Shiro's Saimin Haven Original LogoAbout a year later Governor Burns recommended Shiro to be one of the first cooking instructors at Kapiolani Community College. Then the rudimentary Culinary School was called the Manpower Training and Redevelopment Program. Here he helped many unmotivated underachievers discover a passion for cooking and equipped them with skills that they could use to get a job. He captivated his students using unorthodox methods. His lesson plans consisted of singing songs on his ukulele, entertaining the students with the rhythmic use of knives, and even reciting wacky poetry or philosophy. He discovered his passion for teaching youngsters and giving back to the community and his “off-the-wall” antiques was a perfect match for the school at the time. One of his students at the time was a young man named Conrad Nonaka, who now is the Director of the Culinary Institute of the Pacific. The two are still very close friends, united by their passion for teaching in the culinary arts.

Finally in 1967 Shiro found a dive in the Aiea Bowling Alley that was struggling to survive. He didn’t have enough money to buy it outright, but assumed its liabilities totaling around $50,000. Shiro visited nearly every creditor on the island and when he finally got their OK, he cried tears of joy. And so Shiro’s Hula Hula Drive In was created. Fueled with determination Shiro worked an average of 14 hours a day, 7 days a week and didn’t take a vacation for 3 years. The word was out that there was a wacky Japanese man who made pretty good local food. He worked at that small hole in the wall by himself and each day the sales grew.

Eventually he outgrew the Aiea Bowling Alley and in 1969 he found a place in Waimalu Shopping Center, right off of Kamehameha Highway. At that time everyone served saimin; it was usually geared as a snack with a teri beef stick or side. Then Shiro combined all of his experience and created an adventure in saimin dining, thus giving birth to SHIRO’s SAIMIN HAVEN. Now the restaurant boasts around 60 different versions of saimin, along with a wide variety of local favorites, Shiro’s style.

PanioloAt his current age of 91 years old, Mistah Saimin continues to exhibit the spunky attitude that has become an innate integral part of his life and philosophy. He has continued to pass his message to others through his “Dear Hearts” poetry, which can be found adorned on the walls of his restaurant as well as in his book for all to read. He still teaches youngsters, as not many know that he was the original instructor for the Weed and Seed Cooking Program. Shiro has also continued to be a motivational guest speaker since the 1960’s to high schools, colleges, professional organizations, senior citizen clubs and Japan universities complimentary.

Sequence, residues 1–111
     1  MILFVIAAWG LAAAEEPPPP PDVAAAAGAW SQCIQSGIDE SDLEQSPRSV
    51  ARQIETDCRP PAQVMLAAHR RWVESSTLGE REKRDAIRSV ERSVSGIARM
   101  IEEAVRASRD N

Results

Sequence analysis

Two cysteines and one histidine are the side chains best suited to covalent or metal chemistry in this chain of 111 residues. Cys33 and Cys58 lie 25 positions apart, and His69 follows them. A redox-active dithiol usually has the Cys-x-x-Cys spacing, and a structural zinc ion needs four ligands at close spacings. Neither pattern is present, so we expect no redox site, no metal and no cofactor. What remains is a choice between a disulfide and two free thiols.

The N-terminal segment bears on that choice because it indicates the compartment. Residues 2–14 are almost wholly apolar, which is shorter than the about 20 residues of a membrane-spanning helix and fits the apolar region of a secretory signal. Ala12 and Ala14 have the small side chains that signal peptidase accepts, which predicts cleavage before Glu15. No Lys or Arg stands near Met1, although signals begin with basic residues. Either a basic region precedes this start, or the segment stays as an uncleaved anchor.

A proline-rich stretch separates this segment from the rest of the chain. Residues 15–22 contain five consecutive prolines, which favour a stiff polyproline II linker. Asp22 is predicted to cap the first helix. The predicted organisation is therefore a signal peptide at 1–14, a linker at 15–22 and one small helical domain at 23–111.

To this day Shiro impacts the community, donating to various high schools and charities on an annual basis. He has sponsored his own ukulele singing contest and produced a handful of CD’s, donating 100% of the proceeds to McKinley High, American Cancer Society, Aiea High, Pearl City High, and Pearl City Hongwanji Chirch. Mistah Saimin has even sponsored two DOE poetry contests with the help of Wilson Foodservice and awarded $2000 scholarship for each event.

Shiro's FamilyShiro has successfully turned over the day-to-day operations and entire restaurant business to his daughter Linda since around 1990. She initially made her mark by joining the family business in 1985 and opened two successful locations in the Waipahu and the Dillingham area. Her husband Aaron later joined in 1994, and her son Bryce just recently came on, making it a 3 generation family business. Shiro’s son Alan runs the noodle factory.

Mistah Saimin’s life journey exemplifies the fact that nothing is impossible. With the help of his wife, family, and dedicated employees, Shiro demonstrated that success is attainable through perseverance, stamina, and a positive attitude. Shiro enhanced the image and quality of the industry by staying focused to his vision and goal though his high quality product and impeccable and “down to earth” service. What started off as a quest for personal achievement ended in a demonstration of dedication and commitment to the growth of an industry.

Waimalu Location
98-020 Kamehameha Hwy
Aiea, HI 96701

#808-488-8824

Hours:
Sun-Thurs 7am-10:30pm
Fri-Sat 7am-11:30pm

Ewa Beach Location
91-919 Fort Weaver Rd.
Ewa Beach, HI 96706

#808-689-0999

Hours:
Sun-Thurs 7am-10:30pm
Fri-Sat 7am-11:30pm